His desire was not to be recognized by men, but to be recognized before God.

"Even if we are entirely despised in the eyes of men, let us rejoice that we are honoured in the sight of God." 

Recognition of men is transitory and fading. It will disappoint you. The recognition of God is the only thing of lasting value.

Humility and fear of God are above all the other virtues.
— Abba John the Short

Humility and the fear of God were seen in not disparaging others.

"There is no greater virtue than that of not disparaging others." 

If you fear God, you would not disparage another. If you are humble, you will see yourself as lower than all.

To John, the reason our growth is stunted is because we justify ourselves rather than accuse ourselves.

"We have put the light burden on one side, that is to say, self-accusation, and we have loaded ourselves with a heavy one, that is to say, self-justification."  

Self justification hinders growth because it never deals with the root issues in our heart. Rather, we justify our actions by any means possible, looking at everyone and every thing around us to find reason and excuse for what we do. Self justification keeps our focus on external matters. The true path is the interior one. It is to realize our own depravity before God and allow him to search our hearts and cleanse our conscience.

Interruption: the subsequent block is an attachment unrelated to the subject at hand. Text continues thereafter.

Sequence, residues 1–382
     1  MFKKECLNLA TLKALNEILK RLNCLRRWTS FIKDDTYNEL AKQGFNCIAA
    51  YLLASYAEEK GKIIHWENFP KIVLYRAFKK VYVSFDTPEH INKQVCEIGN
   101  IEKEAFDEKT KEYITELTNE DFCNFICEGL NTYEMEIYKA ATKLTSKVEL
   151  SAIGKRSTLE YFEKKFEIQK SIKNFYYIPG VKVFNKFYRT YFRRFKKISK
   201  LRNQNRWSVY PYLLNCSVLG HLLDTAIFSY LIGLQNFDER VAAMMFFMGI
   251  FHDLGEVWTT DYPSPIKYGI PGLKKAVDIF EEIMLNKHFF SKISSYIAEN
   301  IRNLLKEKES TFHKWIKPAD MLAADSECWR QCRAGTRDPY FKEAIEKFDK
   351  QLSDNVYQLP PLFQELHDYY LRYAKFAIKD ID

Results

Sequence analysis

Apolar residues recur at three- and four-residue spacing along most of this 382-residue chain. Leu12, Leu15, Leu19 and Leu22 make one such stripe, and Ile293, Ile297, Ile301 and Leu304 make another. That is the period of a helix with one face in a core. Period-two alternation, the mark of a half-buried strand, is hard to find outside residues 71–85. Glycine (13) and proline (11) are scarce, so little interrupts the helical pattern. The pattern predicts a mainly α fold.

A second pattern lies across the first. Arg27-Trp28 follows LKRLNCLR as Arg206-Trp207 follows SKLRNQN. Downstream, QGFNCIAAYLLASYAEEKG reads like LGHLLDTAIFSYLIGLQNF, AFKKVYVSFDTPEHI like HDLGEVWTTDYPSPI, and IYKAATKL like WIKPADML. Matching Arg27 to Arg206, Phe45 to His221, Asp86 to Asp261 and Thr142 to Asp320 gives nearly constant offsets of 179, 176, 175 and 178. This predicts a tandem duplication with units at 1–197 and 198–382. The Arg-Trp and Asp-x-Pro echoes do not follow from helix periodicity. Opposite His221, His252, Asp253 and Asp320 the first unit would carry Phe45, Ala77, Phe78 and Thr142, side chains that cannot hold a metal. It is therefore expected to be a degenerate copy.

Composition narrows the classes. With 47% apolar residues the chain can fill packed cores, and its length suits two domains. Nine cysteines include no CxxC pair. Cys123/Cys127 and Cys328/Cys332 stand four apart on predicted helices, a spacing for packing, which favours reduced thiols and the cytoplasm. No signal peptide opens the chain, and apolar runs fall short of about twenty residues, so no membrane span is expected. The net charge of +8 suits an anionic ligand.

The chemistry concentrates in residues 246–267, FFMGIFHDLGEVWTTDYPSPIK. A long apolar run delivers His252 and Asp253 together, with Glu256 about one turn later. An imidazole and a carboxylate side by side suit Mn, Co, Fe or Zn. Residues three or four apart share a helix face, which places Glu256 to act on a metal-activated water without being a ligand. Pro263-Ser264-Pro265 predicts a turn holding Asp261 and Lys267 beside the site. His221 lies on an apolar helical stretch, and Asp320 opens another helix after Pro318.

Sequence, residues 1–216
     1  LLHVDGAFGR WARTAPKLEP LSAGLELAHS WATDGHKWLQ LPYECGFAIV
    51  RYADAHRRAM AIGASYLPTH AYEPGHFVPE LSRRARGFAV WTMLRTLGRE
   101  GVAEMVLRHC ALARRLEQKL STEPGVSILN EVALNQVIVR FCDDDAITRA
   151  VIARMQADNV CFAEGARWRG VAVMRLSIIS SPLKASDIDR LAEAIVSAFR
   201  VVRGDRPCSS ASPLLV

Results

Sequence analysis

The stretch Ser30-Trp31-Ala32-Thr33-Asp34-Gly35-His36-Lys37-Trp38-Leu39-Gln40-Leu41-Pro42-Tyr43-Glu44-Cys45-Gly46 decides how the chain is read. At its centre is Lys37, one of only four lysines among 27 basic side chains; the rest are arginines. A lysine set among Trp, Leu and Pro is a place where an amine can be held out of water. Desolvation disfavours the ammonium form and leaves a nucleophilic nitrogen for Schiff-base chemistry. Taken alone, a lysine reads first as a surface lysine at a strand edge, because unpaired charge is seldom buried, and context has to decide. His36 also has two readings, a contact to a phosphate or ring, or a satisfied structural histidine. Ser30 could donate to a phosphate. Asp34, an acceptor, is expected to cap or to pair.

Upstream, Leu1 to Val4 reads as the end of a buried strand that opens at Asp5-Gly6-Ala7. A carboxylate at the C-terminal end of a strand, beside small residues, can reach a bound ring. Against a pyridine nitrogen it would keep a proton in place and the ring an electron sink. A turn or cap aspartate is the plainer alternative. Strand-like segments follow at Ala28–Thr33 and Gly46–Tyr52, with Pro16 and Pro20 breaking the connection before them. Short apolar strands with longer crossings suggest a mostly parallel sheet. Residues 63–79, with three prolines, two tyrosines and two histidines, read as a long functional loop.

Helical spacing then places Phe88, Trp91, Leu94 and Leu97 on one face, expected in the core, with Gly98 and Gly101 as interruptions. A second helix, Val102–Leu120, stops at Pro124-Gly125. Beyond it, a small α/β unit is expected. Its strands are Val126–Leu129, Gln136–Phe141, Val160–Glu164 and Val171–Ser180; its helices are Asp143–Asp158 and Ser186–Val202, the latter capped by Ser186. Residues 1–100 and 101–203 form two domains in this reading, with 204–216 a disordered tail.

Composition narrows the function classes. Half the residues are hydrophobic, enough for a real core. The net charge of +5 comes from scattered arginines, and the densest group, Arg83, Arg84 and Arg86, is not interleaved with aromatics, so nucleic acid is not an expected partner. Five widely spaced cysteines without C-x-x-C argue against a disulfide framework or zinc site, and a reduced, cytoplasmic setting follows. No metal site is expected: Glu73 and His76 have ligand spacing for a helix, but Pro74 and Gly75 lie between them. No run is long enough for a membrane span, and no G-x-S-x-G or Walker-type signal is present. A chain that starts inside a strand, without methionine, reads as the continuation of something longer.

The spiritual life was about the honour of God.

"Abba John the Short said to his disciple: 'My child, let us honour the One and all shall honour us; but if we despise the One, Who is God, all shall despise us, and then we will go to perdition (punishment).'"

Fasting was necessary and key to developing the intimacy with God.

"If a king wanted to take possession of his enemy's city, he would begin by cutting off the water and the food and so his enemies, dying of hunger, would submit to him. It is the same with the passions of the flesh: if a man goes about fasting and hungry the enemies of his soul grow weak." 

We fast to weaken the flesh in order that our selfish desires will weaken. With a weakened flesh our spirit can thrive and grow in intimacy with God.

He thrived by training himself to return constantly to the remembrance of God. After all, there can be no greater vocation. One time, some other brothers decided to test his desire to keep his thoughts centred upon God and decided to ask his opinion of the weather.

The brothers said,

"We thank God that it rained a good deal this year, that the palm trees received sufficient water to put forth leaves, and that the brothers are finding materials for their handiwork." 

To which the Abba replied,

"So it is when the Holy Spirit descends into the hearts of men: they are renewed, and put forth leaves in the fear of God."

His practice was to cut off evil thoughts before they took root in his heart. Abba John said,

"I am like a man sitting under a great tree, who sees wild beasts and snakes coming against him in great numbers. When he cannot withstand them any longer, he runs to climb the tree and is saved. It is just the same with me; I sit in my cell and I am aware of evil thoughts coming against me, and when I have no more strength against them, I take refuge in God by prayer and I am saved from the enemy."